The Bianco Antico granite I put in the masterbath was if possible, even wilier. Unlike the kitchen, I didn’t clean it every day. Eventually the white sink would need cleaning, so I would wipe the countertops and be amazed and appalled that the sponge looked like the lint trap from the dryer because the countertops even under that gunk had looked like a million bucks. Hair, dust, makeup, it all disappeared into the glittering mist of BiancoAntico. Magic.
So for my master bath and the boys bathroom, I went with Santa Cecilia Light. It is similar to the granite I had in my last kitchen–so I can eat chocolate chips in the bathroom and no one will ever know. (Plus, Santa Cecilia is the patron saint of musicians, which seems relevant.)
It might look something like this, except the master bath vanity is espresso.
For Fluffy’s bathroom and the downstairs bathroom, I went with the grey option, New Caledonia. Strictly speaking, I don’t like the beige in it, but a little beige is the very essence of camouflage. Midtone, check. Light and dark random variation, check. At least a couple of hues, check.
So you’re thinking, “Heather, you’re telling me your entire approach to designing your house is about weasling out of cleaning it?” Correct. “That’s gross.” I know. “You disgust me.” Got it.
Well, no. I will continue to clean my house. I’m just saying, I would rather turn down something that looks absolutely stunningly fabulous in the design center–but only in the design center, to choose instead something that will look great in an actual home that I live in and cook in and feed three monsters in. Hence, the granite drama.
From the first time I had a serious meeting with my builder, I asked about sourcing a light granite other than the ones they had available. I was told multiple times they would work with me. I was sent to their supplier’s supplier to comb through giant warehouses full of granite slabs to find something I wanted. Here are the types of granites I chose for the kitchen which will have a combination of white and espresso cabinetry.
Much like my Bianco Antico masterbath, right?
This might be my favorite. It didn’t have as many sparklies in it as the others, but it does have just the right amount of movement and variation as well as a combination of warm and cool tones.
This is quartzite (less porous than marble, more porous than granite). I shouldn’t have included it because it violates my rules by not having enough dark variation, but it was just so darn glittery and sparkly, I could not resist. If I were designing someone else’s house or just creating a kitchen to photograph for houzz.com and pinterest, I would choose this because I am absolutely certifiably insane over its gorgeousness. But I’m designing a house for a family of five which will include two teenage boys. Let’s get real.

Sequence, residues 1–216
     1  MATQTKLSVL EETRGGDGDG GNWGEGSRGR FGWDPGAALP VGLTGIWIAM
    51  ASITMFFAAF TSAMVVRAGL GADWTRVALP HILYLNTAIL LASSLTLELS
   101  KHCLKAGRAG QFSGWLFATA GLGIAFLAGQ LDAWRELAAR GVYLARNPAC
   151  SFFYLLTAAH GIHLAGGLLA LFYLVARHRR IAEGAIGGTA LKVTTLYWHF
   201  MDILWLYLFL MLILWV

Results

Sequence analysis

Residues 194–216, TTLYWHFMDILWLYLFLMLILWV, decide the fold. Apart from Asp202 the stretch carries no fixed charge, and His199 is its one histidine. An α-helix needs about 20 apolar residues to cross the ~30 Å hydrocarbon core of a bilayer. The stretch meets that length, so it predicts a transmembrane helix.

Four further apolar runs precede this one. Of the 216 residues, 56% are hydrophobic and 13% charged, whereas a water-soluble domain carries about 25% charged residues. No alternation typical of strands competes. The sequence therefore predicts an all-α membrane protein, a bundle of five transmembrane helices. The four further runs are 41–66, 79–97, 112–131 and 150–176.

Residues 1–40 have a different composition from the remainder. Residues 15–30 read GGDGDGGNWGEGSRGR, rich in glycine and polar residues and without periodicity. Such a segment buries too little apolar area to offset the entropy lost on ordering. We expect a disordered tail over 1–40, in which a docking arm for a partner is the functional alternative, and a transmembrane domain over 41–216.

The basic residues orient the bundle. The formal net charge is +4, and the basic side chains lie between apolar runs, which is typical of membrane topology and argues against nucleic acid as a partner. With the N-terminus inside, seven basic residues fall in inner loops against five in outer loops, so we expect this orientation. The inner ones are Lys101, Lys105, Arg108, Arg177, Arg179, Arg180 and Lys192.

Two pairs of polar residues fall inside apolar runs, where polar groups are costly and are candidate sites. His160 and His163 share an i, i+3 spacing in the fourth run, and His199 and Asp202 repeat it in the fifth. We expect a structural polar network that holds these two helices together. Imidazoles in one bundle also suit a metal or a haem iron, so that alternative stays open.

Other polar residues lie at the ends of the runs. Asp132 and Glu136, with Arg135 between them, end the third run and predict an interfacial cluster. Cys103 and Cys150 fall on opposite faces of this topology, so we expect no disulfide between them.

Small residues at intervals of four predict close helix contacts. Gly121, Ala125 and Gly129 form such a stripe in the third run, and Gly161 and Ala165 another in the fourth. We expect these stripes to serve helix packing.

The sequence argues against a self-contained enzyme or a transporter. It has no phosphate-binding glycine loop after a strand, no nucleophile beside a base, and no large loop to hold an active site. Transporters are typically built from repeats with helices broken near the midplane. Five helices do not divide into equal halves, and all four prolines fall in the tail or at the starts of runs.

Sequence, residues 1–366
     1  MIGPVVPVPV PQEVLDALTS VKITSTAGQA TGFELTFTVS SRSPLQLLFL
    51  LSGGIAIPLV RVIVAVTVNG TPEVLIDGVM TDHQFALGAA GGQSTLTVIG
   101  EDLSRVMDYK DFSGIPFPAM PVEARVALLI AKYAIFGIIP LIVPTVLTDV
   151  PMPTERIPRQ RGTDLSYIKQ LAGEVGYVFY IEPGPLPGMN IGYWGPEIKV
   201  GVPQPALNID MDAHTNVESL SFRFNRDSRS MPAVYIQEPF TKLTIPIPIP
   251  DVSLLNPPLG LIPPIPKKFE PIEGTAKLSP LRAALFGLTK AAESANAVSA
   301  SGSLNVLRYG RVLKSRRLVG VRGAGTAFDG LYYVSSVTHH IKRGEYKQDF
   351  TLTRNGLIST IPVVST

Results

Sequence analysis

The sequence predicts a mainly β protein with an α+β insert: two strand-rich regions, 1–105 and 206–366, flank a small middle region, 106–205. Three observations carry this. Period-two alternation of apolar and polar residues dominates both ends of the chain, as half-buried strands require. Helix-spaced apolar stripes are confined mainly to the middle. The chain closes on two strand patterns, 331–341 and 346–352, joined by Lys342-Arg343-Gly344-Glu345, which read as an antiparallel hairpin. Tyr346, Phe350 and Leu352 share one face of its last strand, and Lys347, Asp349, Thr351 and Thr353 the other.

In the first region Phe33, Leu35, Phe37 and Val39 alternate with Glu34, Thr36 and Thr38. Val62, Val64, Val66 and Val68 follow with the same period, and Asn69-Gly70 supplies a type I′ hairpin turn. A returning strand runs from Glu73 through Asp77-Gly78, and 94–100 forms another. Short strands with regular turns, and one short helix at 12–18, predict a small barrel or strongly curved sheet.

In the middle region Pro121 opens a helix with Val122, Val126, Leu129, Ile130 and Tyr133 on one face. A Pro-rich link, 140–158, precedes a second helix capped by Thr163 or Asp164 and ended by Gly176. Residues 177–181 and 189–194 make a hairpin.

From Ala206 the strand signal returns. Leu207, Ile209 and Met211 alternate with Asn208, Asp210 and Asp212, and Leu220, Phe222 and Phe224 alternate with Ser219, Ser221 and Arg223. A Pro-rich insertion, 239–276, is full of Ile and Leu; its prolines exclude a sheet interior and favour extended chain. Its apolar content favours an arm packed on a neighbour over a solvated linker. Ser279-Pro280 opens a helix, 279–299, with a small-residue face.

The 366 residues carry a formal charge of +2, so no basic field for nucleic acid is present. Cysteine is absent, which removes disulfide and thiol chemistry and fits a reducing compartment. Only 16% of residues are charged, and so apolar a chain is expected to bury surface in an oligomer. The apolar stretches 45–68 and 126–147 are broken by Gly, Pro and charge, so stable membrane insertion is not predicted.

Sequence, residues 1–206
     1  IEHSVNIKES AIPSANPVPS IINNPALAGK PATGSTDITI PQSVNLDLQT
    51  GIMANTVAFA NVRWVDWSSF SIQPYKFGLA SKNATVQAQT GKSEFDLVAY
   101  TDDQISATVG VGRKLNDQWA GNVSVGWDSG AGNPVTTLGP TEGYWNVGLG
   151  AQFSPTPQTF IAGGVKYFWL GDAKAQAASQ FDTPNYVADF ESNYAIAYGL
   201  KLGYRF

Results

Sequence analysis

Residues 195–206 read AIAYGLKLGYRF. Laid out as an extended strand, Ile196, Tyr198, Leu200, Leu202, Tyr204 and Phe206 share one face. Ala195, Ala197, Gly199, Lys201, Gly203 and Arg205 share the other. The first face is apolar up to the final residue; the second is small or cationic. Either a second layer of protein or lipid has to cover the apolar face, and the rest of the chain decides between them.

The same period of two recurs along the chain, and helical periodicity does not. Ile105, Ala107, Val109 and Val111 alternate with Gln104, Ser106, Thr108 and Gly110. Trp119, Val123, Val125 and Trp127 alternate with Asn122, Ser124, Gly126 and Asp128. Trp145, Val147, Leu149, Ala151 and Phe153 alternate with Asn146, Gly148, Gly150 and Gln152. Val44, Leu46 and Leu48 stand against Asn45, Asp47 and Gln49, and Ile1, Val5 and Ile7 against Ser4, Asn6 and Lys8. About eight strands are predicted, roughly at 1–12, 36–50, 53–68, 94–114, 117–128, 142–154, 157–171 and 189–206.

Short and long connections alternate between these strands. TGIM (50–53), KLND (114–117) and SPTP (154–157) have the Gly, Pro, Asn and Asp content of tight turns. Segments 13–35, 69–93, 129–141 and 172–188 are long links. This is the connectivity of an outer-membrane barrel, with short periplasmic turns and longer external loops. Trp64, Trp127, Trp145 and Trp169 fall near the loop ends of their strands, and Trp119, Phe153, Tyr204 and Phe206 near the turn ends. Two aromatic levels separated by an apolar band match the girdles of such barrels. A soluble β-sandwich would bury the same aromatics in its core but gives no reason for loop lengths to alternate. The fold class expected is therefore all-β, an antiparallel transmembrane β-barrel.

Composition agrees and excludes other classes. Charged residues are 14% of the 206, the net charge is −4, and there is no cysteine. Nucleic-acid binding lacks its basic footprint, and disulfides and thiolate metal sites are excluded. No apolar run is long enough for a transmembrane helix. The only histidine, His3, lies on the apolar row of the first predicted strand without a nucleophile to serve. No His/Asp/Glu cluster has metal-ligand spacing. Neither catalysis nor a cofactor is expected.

This one is so cool close up. It has both silver and gold in it, so that the polished nickel accents in the kitchen would look amazing. And as soon as gold tones come fully back into vogue, I could update the hardware and it would look 100% intentionally coordinated.
This Tropicalia was a bit of a stretch because the grey is too green-grey, but again, it was just so sparkly. It drew me into its sparkles like a moth to a flame.
Despite that leg work, the good folks at Classic are trying to convince me to use quartz because their contractors can spill on it during construction and it won’t stain. Here are their light quartz contenders.
Do I need to say anything, or are my sentiments on these quartz options perfectly plain before I speak?
Sure, I like the idea that no amount of grape juice will ever mar their Corian-esque facades, and I also want to make sure my home is on-trend (quartz has the most momentum of any countertop surface right now), but I am a looong way from talked out of my granite kitchen dreams.
The ability to customize and get “Your Home, Your Way” was one of the major reasons we chose Classic Homes above other builders, so we are trusting they will make it happen. The president has actually been very lovely through negotiating this issue, but I won’t sleep peacefully until we get a final green light on something I’m comfortable with. Stay tuned. Update: Permission granted to use light granite. I will be picking it out soon. I bet on the right horse.